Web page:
The Great British Railways Transition Team (GBRTT) has called for evidence from all interested parties to help shape its strategic plan, to learn the lessons of the past and meet the challenges of the future. The UK Government has developed five strategic objectives for the Strategic Plan over the next 30 years: meeting customers’ needs; delivering financial sustainability; contributing to long-term economic growth; levelling up and connectivity; and delivering environmental sustainability. GBRTT’s call for evidence document asks 18 specific questions relating to the delivery of these objectives.
Together with fellow writer, Malcolm Dobell, I was invited to join the team preparing the response of the Institution of Mechanical Engineers (IMechE). The thrust of this response, which has yet to be finalised at the time of writing, is that the creation of Great British Railways (GBR) will enable a truly whole system perspective.
Engineers are there to help the railway deliver customer requirements by providing sufficient capacity, performance, and facilities in a sustainable, safe, and cost-effective manner. In addition, they should support strategic Government objectives such as decarbonisation and economic growth. IMechE has no doubt that a whole system approach will enable railway engineers to make a better contribution that will lead to more economic, efficient, and even safer solutions. Some of the engineering issues that inform its response to GBRTT are shown below.
The Williams-Shapps report rightly points out that the current railway structure makes it difficult for staff to understand how their roles relate to others in different parts of the industry. This limits the opportunity for whole-system, high-performance, efficient solutions to emerge.
A system-wide workforce strategy and plan is needed to ensure that GBR is resourced to meet current and future needs. All disciplines within the railway need to work closely together to deliver the best possible capacity and performance. To do so, it is important that everyone understands how their role impacts on others.
Merely delivering a solution compliant with standards within an individual’s own discipline does not necessarily deliver an optimised whole. Hence, there needs to be a strong cross-functional element in training and development plans. For example, the Connected Leaders Scheme (launched in 2020) is equipping future leaders with a deeper understanding of customer needs and a better cross-sector perspective.
Rolling stock, infrastructure, and timetables
In the current railway engineering structure, Network Rail is responsible for infrastructure maintenance and upgrades, with train operators responsible for rolling stock provision, maintenance, and modification. There have sometimes been significant disconnects between programmes and little effort to do anything other than the minimum infrastructure change to accommodate new trains. An exception to this was the Thameslink programme that included civil and system infrastructure changes to deliver a significant capacity upgrade provided by a new fleet of trains.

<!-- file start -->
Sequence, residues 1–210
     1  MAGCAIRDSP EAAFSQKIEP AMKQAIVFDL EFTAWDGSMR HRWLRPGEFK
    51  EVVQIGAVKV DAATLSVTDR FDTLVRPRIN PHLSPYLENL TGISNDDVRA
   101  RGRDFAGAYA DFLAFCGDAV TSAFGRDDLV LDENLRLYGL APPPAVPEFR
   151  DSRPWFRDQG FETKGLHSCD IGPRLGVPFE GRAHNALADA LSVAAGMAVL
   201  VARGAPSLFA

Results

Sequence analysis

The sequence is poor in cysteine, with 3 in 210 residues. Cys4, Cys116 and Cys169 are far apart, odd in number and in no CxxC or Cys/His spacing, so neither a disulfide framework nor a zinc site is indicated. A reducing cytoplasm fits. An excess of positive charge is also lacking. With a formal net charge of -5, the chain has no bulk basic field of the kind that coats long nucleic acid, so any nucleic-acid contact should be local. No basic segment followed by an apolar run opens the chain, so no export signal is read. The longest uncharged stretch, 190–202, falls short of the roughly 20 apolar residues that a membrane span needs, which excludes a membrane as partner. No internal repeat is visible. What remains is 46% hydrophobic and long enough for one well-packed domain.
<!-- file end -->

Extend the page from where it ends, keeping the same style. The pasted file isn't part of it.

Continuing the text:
The introduction of programmes such as electrification and digital signalling require rolling stock to be modified or new trains procured in alignment with infrastructure delivery. In some cases, rolling stock priorities might drive the urgency and type of infrastructure interventions. As an example, in Scotland the immediate need to replace diesel trains in Fife resulted in a transitional solution of partial electrification and battery electric trains. This is part of the integrated plan that is now being delivered to decarbonise Scotland’s railway by 2035.
As well as aligning procurement and programmes, it is also an opportunity to integrate improvements in performance or other important capacity or connectivity work. This was not done during the Great Western Electrification programme as this did not include freight gauge clearance. As a consequence, rail freight to Wales remains restricted.
All the above demonstrates the need for an integrated rolling stock, infrastructure, and timetable strategy.
Avoiding boom and bust
The costs and skills issues of the UK’s boom and bust approach to rail electrification has been highlighted by the Railway Industry Association (RIA). This has also been a significant issue for rolling stock procurement. Between 2016 and 2021, around £11 billion was invested in 7,000 rail passenger vehicles. In the previous six years, less than 1,000 vehicles entered service.
The recent glut of train orders was for more than half the UK fleet and resulted in 4,000 vehicles being surplus to requirement, many of which were serviceable trains and some of which were electric trains for which there was no electrified railway. Most of these new train fleets were late and suffered teething problems. Many of which were related to the industry’s capability to deal with so many new trains entering service at the same time. The unnecessary costs associated with procuring such a glut of trains is likely to be a significant percentage of their cost i.e., of the order of around £1 billion.